Jubilee, by Shelley Harris, is the story of a young Indian boy, and his life in a country that was not his, and among people who considered him an outsider. The story travels back and forth between present-day London and the London of the seventies. It revolves around a photograph taken during the Queen’s Silver Jubilee celebrations in 1977. The photograph becomes hugely popular and is perceived as the symbol of national integrity of England, as it shows British and Asian people enjoying festivities together. But here comes a twist. There is a secret which has made this one celebration impact the entire life of Satish, the protagonist.
The author has painted a beautiful picture of the contrasting household lives of people of different faiths. There are images everywhere in the story. The bunting hanging from rooftops, the cakes arranged in a pyramid, the table set for a party, and the presence of red, white and blue everywhere takes you straight to the land of Her Majesty. It is evident that a detailed observation has been made about how people are driven by their beliefs and prejudices, how they react to a particular situation, and how different people perceive the same thing in different ways. It shows the racial discrimination that unconsciously exists in the minds of people, and how they vent it out by their petty acts. It also shows how the same person may think about an event differently after many years have passed.
There were a few times, though, when it felt like the story was dragging a bit. There were a lot of repetitions, which the story could have survived without. I felt some of the scenes were too descriptive, and it would not have harmed the story to cut out a few unnecessary details. Also, there was a lot of back and forth between Satish’s childhood and his adulthood. There can be a concession that this was needed to build up the suspense. But at the end of the day, it was too much suspense, and the secret seemed small in comparison.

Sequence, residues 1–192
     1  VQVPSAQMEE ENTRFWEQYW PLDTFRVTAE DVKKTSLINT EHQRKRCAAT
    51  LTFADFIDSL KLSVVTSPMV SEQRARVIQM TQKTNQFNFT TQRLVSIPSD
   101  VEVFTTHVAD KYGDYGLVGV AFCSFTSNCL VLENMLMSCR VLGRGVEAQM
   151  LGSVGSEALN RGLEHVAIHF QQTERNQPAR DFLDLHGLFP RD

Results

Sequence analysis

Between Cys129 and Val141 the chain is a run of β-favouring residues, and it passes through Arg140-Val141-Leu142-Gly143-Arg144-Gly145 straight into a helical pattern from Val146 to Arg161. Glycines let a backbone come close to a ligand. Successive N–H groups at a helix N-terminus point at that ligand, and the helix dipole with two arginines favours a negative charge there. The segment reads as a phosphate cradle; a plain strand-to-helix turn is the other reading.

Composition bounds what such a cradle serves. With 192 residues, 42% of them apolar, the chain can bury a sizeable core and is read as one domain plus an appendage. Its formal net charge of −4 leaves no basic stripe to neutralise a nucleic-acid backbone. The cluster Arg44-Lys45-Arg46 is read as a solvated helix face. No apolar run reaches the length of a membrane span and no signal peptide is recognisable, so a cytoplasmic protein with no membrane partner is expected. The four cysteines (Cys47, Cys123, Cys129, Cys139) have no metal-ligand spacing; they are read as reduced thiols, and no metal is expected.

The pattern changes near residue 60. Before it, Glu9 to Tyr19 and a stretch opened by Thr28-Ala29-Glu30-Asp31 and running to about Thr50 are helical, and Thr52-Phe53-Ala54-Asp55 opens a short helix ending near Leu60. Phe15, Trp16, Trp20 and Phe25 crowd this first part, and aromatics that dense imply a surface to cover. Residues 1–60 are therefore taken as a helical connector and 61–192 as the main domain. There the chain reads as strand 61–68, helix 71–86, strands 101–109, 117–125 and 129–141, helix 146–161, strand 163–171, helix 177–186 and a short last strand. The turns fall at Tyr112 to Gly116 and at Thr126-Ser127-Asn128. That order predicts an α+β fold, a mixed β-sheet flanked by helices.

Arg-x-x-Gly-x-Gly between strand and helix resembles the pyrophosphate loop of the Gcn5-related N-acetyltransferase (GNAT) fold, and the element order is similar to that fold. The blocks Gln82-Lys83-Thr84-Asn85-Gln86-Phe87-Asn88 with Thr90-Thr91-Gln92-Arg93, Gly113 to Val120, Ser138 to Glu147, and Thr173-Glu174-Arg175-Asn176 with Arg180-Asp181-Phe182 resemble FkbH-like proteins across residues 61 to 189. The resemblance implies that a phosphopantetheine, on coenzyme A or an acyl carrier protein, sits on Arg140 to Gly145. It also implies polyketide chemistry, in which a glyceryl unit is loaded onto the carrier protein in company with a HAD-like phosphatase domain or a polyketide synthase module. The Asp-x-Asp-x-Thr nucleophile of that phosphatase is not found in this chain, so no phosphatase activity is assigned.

On the whole, it is an entertaining read. It is basically a story about how we evolve as a person with the passage of time. It shows us that bad is not always bad. It teaches us to let go of the grudges that no longer matter. It proves the point that though the past is important, it should not overpower our present. Irrespective of religion and nationality, the happiness, and well-being of the people is what matters the most. And that, I believe, is the best part of the story.
About The Author:
Shelley Harris was born in Cape Town, South Africa in 1967, to a South African mother and a British father. She has worked, among other things, as a teacher, a reporter, a mystery shopper and a bouncer at a teen disco. When she is not writing, she volunteers at her local Oxfam bookshop, helping customers find just the right book. Jubilee is her first novel.